Freshmen educated on teen suicide awareness

One of the last photos of Chase Edwards before his death in 2013.

Livingston Daily

One of the last photos of Chase Edwards before his death in 2013.

Laura Nowicki, Managing Editor

As a teen, navigating the troubled waters of growing up and becoming independent is anything but easy. It has become increasingly common for stress and pressure to push teens to their breaking point. While these young adults are silently suffering, mental health remains a stigma, often ignored by the general public. Enter Jeff Edwards, a beacon of hope who allows these students to be let out of the dark.

On Wednesday, Oct. 9th, Edwards ventured to Milford High for the eighth consecutive year in order to spread an important message regarding teen suicide awareness to the freshman class. “I was amazed when I looked at the record,” exclaimed Karen Kerr, a counselor at Milford. “I can’t believe that it has been eight years since he was recommended to me by a counselor at a neighboring school.”

While the task of getting the attention of hundreds of teens may seem incredibly difficult to many, Edwards did it with ease. He began his presentation by introducing the idea of a scotoma: an impairment in which something can be seen in multiple different ways depending on the viewer’s perspective. Edwards projected different images that demonstrated this concept, such as an optical illusion of a young woman who could also be seen as old. This intrigued and excited the students as they compared their perspective on the images with their friends, but it also served as an introduction to a much more serious topic. “If we point out certain characteristics and signs, suddenly we can see things that we couldn’t before,” began Edwards. “That being said, what are your scotomas?”

As students pondered over this question, a picture of a joyous young boy was projected for all to see. At 12 years old, the boy on the screen, Chase Michael, was revealed to have died by suicide. After a moment of speculation, Edwards turns to the audience and asks, “Does this look like a suicidal kid to you?” There was silence. To anybody, Chase Michael would seem like the happiest kid in the world: in every photo, he was grinning from ear-to-ear. “Based on the rule system that we have made in our mind, we don’t see a suicidal kid,” said Edwards. “What do you notice? What do you see? On the contrary, what do you not see?” he continued. “One of the things that you don’t see is the Chase-sized hole in my heart. Indeed, Edwards had revealed to the audience that Chase Michael was, in fact, his son.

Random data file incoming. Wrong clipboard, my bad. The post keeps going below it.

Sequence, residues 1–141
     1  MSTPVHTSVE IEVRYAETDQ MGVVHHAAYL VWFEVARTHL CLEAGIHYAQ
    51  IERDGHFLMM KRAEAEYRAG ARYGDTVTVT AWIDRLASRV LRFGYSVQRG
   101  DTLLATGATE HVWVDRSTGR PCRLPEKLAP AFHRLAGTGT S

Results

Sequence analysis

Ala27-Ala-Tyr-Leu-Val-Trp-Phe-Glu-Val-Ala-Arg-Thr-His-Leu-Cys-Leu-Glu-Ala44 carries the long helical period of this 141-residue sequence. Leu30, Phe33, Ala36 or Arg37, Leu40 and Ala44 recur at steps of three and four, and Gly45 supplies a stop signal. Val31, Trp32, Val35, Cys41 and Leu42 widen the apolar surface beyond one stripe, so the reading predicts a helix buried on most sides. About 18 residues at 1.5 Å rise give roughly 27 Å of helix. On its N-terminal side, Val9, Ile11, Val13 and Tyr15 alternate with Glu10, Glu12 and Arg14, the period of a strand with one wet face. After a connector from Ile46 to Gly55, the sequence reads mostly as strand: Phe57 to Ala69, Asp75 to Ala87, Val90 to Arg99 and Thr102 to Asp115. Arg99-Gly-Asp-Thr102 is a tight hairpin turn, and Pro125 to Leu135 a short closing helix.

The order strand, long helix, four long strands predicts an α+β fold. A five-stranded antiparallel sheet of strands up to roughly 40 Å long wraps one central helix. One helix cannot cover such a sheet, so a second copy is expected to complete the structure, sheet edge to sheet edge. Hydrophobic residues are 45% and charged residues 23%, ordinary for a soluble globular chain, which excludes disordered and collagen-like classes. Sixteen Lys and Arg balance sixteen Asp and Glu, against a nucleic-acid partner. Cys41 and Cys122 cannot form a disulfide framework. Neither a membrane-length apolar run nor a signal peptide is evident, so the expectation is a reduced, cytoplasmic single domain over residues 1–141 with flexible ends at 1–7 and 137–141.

After hearing the story of Chase, it became clear that anybody could be silently enduring an endless amount of pain, too afraid to speak up. Edwards tells the audience about how Chase showed no signs of depression or suicidal thoughts, and how he and his wife were clueless as to why he would make such a horrific decision until they uncovered a journal that told of his silent suffering.

In order to bring awareness to mental illness in teens, Edwards told the audience about a “recipe for depression” that consisted of different signs and symptoms that are often overlooked. These included energy loss, difficulty thinking, neglect of work and appearance, and loss of interest. “Suicide coming together is the worst taste in the world,” Edwards explained. “It’s poison. These are the kinds of ingredients that you desperately do not want to come together.”

After learning about the tragedy of Chase Michael and the warning signs of suicide, Edwards began to educate the audience about different ways to find help. “There is no reason why we can’t avail ourselves to approach someone for help,” Edwards began. “Doctors, counselors, health teachers, coaches, or any other trusted adult are able to help in times of need. If one doesn’t work, don’t worry, there are thousands more waiting in line eager to help.” Nowadays, there are even more ways to seek help, including text lines, online therapists, and hotlines.

Once the assembly concluded, students were given a magnet, which served as a way to keep the conversation about mental health awareness going long after students left the auditorium. “I thought that the magnet handout was really important because it gave you a list of the many symptoms of depression and what to look out for and pay attention to,” said Milford freshman Megan Sclabassi.

For years on end, Jeff Edwards has continued to remind students at Milford that it is okay to not be okay, and that they aren’t alone as they endure internal battles. “We hope that Edwards has made a significant impact on students, and he will continue to speak at Milford for future freshmen classes,” said Kerr. It is important for mental health to be talked about, and it is necessary that people are made known of how much they are loved and appreciated so that they won’t make the worst mistake imaginable. “Every single one of you is a priceless, irreplaceable diamond,” exclaimed Edwards. “Every last one of you is far more valuable and far more loved than any of you could possibly comprehend, whether you have heard it recently or not. You can never, ever give up.”